Dutch people will probably say that, in contrast to China, we don’t live in an authoritarian state. Indeed journalists can formally write whatever they want without being arrested. However there is nevertheless a dominant consensus about how the world works and precisely that consensus is being questioned on platforms as Facebook and Twitter.
Not to suggest that there is a simplistic conspiracy from ‘them’ against ‘us’, we are dealing with a phenomenon much more complex than that. In fact, the way Western propaganda works was already analysed in 1988 by Edward Herman and Noam Chomsky in ‘Manufacturing Consent’.
Their insights are still relevant in trying to understand the controversy around Facebook today.
Herman and Chomsky observed that despite the free access to enormous amounts of information in the case of the US, the dominant narrative in the press nevertheless remained one-sided. They examined how Western democracy did not necessarily lead to a greater diversity in conflicting opinions. According to them, there was (and is) a very complex propaganda model where the media is ruled by capitalist powers (governments and multi-nationals). They meant that our politicians do not represent the interests of the people but instead represent the interests of large multinationals.
The media theory of Chomsky and Herman is based on five ‘filters’ that determines when a story is considered newsworthy. The first is: the influence of the owner of the news medium, the second is the financial dependency on advertisers who need to be satisfied, the third filter is the problem of selective and dominant sources (think about spokesmen of ministries or multinationals). They called the fourth filter ‘flak’, which is the phenomenon when fundamentally contradictory information or opinions are framed as unreliable or false. You can see this once you start asking critical questions about the fierce anti-Russia tone in the news, you will be directly seen as a propagandist of Putin. Finally, ideologies of fear play a major role as well. During the Cold War this was communism, nowadays it is terrorism or non-Western authoritarian regimes that allegedly threatens our freedom. Geopolitical conflicts (which most of the times are about oil or gas interests) are being justified under the guise of bringing democracy and humanitarian missions.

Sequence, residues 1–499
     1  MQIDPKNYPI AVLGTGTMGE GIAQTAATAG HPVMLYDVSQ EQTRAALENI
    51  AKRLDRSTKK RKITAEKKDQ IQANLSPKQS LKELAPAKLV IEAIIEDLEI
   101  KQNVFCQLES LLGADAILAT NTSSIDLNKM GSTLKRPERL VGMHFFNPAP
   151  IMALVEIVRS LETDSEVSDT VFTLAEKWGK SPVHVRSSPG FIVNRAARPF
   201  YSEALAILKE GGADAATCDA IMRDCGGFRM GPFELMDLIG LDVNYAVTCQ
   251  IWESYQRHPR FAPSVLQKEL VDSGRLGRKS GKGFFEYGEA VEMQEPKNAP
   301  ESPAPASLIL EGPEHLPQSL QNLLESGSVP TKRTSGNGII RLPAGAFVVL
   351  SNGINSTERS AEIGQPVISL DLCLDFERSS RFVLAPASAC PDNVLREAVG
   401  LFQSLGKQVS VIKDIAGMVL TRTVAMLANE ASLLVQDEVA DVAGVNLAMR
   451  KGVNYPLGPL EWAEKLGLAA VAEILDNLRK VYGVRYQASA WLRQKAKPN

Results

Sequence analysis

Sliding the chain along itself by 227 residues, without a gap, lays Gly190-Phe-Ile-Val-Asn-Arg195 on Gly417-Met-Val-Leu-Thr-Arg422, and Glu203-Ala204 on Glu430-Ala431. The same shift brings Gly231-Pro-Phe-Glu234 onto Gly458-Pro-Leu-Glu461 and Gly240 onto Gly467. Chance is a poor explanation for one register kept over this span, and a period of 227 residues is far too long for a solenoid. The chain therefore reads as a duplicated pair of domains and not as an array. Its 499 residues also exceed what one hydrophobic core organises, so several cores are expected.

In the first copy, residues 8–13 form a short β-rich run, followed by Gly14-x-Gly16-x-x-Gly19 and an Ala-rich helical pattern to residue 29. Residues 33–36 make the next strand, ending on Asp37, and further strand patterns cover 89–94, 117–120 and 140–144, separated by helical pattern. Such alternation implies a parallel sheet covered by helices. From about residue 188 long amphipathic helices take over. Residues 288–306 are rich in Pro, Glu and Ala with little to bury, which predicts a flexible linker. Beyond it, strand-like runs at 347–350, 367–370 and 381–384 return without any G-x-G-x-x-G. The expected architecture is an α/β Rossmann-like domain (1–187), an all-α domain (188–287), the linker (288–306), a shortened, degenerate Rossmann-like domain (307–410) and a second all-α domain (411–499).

The working of Western democracy and the relationship with the media is therefore a propaganda category in itself. Of course, at the time Herman and Chomsky developed their theory there was no social media yet, however their insight that the ruling power (of which Facebook is part) is using the media as a tool to influence the masses is also of crucial importance now. For everyone who values democracy and the free press: let’s stay on Facebook and criticize power with the same tools with which they are trying to manipulate us.
Although Facebook and Twitter contain probably 80% nonsense versus 20% relevant information, I refuse to leave those platforms only to prevent mainstream media becoming more dominant. In the end we are all being followed by Google, there is nothing you can do about it. It is not a coincidence that the American Homeland Security office is working on an online database to monitor ‘social media influencers’. Clearly, Facebook and Twitter have become a threat to the mainstream consensus and that is in itself not a bad thing.
My message to Lubach: as long as you keep using your iPhone and Google, shutting down Facebook won’t serve any goal. On the contrary, mainstream media and the power that they represent, will be more influential!